image = Column(String)
    available = Column(String)
    search_vector = Column(TSVectorType('product_name', ))  # this field is for full text search

    def __repr__(self):
        return self.product_name

class PostgreSQLSearch():
    def init_schema(self):
        """creates table"""
        # configure_mappers()
        session.commit()  # with out this line, Flask hangs for some reason
        sync_trigger(engine, 'products', 'search_vector', ['product_name'])

    def delete_all(self):
        """deletes table"""
        session.commit()  # with out this line, Flask hangs for some reason

    def insert_bulk(self, product_data):
        """creates multiple row (objects) and commits into database"""
        objects = []
        for product in product_data:
            if product.get('name', ''):
                product_db = Product(sku=product['sku'], product_name=product['name'], price=product['price'],
                                     url=product['url'], type=product['type'], available=product['available'],
                                     sale_price=product['sale_price'], image=product['image']

    def search(self, search_query):
        """making query to database"""
        query = session.query(Product)
        query = search(query, search_query, sort=True)
        results = query.limit(20).all()
        output = []
        for item in results:
            out = {
                'value': item.product_name,
                'label': item.product_name,
                'sku': item.sku
        return output

if __name__ == '__main__':
    db_client = PostgreSQLSearch()

I defined class Product with some fields and special field is search_vector where is defined vector for text search and fields that should be indexed. So when instance is saved (row inserted) it automatically processes text from product_name and fills search_vector field. Other than that, there is nothing much special, I created methods for bulk uploading, querying, creation and deleting table. 


Uploading data 

We have 1.2M rows of product data and since SQLAlchemy searchable works only when objects are save through SQLAlchemy, straightforward import of massive csv file is not possible unfortunately. That's why I wrote script to create and save objects into database (which is not most efficient way, but I guess I don't have a choice). Other thing is that since I want it to be as fast as possible, I'll create server in the same zone. (try to upload from your local computer and you'll notice big difference, especially if database instance is in the other half of planet).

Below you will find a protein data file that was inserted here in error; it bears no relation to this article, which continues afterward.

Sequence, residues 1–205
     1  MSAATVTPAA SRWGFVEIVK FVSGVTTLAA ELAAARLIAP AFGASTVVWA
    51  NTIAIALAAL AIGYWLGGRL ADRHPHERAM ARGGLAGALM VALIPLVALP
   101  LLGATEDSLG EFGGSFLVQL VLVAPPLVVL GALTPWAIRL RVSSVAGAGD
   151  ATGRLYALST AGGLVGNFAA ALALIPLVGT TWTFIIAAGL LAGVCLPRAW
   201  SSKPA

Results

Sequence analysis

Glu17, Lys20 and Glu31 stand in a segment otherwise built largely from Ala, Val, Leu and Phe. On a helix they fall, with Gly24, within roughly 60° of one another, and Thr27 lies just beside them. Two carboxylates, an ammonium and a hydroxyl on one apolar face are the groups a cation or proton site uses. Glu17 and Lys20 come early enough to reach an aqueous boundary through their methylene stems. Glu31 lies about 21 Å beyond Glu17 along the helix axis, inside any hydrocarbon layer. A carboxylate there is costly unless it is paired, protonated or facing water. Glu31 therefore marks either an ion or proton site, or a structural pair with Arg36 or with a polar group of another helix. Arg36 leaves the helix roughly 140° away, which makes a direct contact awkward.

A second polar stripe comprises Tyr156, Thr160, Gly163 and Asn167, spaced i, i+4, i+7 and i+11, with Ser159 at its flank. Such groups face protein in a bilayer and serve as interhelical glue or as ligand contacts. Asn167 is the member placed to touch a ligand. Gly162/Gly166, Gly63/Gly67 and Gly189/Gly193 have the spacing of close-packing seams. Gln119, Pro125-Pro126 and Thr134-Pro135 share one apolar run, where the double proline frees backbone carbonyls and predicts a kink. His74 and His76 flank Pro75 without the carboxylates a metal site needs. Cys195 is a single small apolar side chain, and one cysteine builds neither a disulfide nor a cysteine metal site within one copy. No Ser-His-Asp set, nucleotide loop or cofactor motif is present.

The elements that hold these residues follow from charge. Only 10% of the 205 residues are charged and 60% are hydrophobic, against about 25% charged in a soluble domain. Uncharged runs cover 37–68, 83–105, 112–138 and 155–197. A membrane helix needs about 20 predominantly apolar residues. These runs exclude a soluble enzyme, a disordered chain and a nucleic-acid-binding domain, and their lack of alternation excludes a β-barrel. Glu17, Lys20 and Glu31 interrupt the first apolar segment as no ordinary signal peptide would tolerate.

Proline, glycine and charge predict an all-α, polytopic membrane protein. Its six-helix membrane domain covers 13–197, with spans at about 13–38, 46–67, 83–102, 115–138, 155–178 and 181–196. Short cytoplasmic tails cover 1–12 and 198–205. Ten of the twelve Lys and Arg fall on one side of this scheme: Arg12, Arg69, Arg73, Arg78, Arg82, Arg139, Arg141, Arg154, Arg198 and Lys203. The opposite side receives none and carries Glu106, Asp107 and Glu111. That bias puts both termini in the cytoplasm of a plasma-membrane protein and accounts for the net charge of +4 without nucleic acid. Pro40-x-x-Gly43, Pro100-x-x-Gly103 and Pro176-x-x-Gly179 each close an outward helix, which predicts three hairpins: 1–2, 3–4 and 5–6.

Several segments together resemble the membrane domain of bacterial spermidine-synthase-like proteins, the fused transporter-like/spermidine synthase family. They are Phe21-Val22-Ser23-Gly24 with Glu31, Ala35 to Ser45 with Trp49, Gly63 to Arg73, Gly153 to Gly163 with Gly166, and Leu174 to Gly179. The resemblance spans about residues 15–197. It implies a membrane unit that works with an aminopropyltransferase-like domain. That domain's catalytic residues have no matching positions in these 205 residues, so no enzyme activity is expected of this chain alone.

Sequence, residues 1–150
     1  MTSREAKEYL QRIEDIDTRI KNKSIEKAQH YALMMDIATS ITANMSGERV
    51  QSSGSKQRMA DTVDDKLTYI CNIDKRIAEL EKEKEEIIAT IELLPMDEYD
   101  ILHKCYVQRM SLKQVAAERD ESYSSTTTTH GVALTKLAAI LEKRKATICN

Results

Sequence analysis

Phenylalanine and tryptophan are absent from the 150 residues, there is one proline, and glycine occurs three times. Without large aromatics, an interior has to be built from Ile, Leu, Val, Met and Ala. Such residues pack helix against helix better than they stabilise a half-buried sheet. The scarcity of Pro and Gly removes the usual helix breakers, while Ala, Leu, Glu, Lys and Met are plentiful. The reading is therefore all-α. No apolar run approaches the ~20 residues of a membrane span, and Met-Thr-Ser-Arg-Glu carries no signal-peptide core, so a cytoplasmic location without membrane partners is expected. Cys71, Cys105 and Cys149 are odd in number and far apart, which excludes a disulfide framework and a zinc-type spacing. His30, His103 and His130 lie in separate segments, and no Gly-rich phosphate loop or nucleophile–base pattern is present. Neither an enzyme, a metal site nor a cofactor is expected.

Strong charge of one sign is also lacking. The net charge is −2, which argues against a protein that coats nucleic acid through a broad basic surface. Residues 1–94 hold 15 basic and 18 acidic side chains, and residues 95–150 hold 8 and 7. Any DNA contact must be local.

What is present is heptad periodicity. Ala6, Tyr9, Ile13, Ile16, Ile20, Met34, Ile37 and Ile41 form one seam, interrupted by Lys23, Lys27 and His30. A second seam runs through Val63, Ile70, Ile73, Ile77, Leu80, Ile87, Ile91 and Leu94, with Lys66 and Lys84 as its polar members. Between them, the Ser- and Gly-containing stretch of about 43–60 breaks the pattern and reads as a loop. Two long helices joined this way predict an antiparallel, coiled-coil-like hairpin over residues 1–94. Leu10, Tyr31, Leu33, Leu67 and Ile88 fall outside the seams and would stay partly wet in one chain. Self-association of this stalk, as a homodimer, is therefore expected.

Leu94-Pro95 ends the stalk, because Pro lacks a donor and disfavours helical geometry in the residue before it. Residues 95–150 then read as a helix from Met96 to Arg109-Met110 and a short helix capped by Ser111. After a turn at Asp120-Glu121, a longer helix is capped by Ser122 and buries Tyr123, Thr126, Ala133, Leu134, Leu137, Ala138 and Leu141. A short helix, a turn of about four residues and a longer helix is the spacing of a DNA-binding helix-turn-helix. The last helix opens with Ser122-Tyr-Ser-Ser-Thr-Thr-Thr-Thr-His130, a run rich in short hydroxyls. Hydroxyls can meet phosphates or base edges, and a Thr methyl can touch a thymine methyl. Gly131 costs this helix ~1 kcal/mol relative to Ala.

To create Google Compute Engine instance, command is:

gcloud compute instances create instance-1 --scopes=sql-admin --preemtible
Created [].
instance-1  us-central1-a  n1-standard-1       RUNNING

I'm adding specific scope for compute engine so it can be authorized to use Cloud SQL and I'm using preemtible since this will take less than hours and... every cent counts.

I'll copy code whole of repository since inside of it I have my csv file with products data. This can take few minutes since there are many files, simpler would be to zip it and copy just one file and then unzip it. 

copy folder from local compute to server:

gcloud compute scp --recurse gcp-search instance-1:~/

ssh into server

gcloud compute ssh instance-1 

installing pip so I can install rest of Python's dependencies:

sudo apt-get install python-pip

go to folder cloud_sql/webapp on server and install python dependencies:

pip install -r requirements.txt

finally check if variable PRODUCTS_LOCAL_PATH in in root of repository reflects path on server, if not update it.

Other important part is to handle connection to database instance. Like I wrote in the beggining, one possibility is to allow specific IP address (of our server) to have access, or to use proxy for Cloud SQL. I'll use second option. First step is to download binary for proxy with command:

wget -O cloud_sql_proxy

change it to be executable:

chmod +x cloud_sql_proxy

we need to get "instance connection name" for cloud sql database instance:

gcloud sql instances describe myinstance
backendType: SECOND_GEN
connectionName: adventures-on-gcp:us-central1:myinstance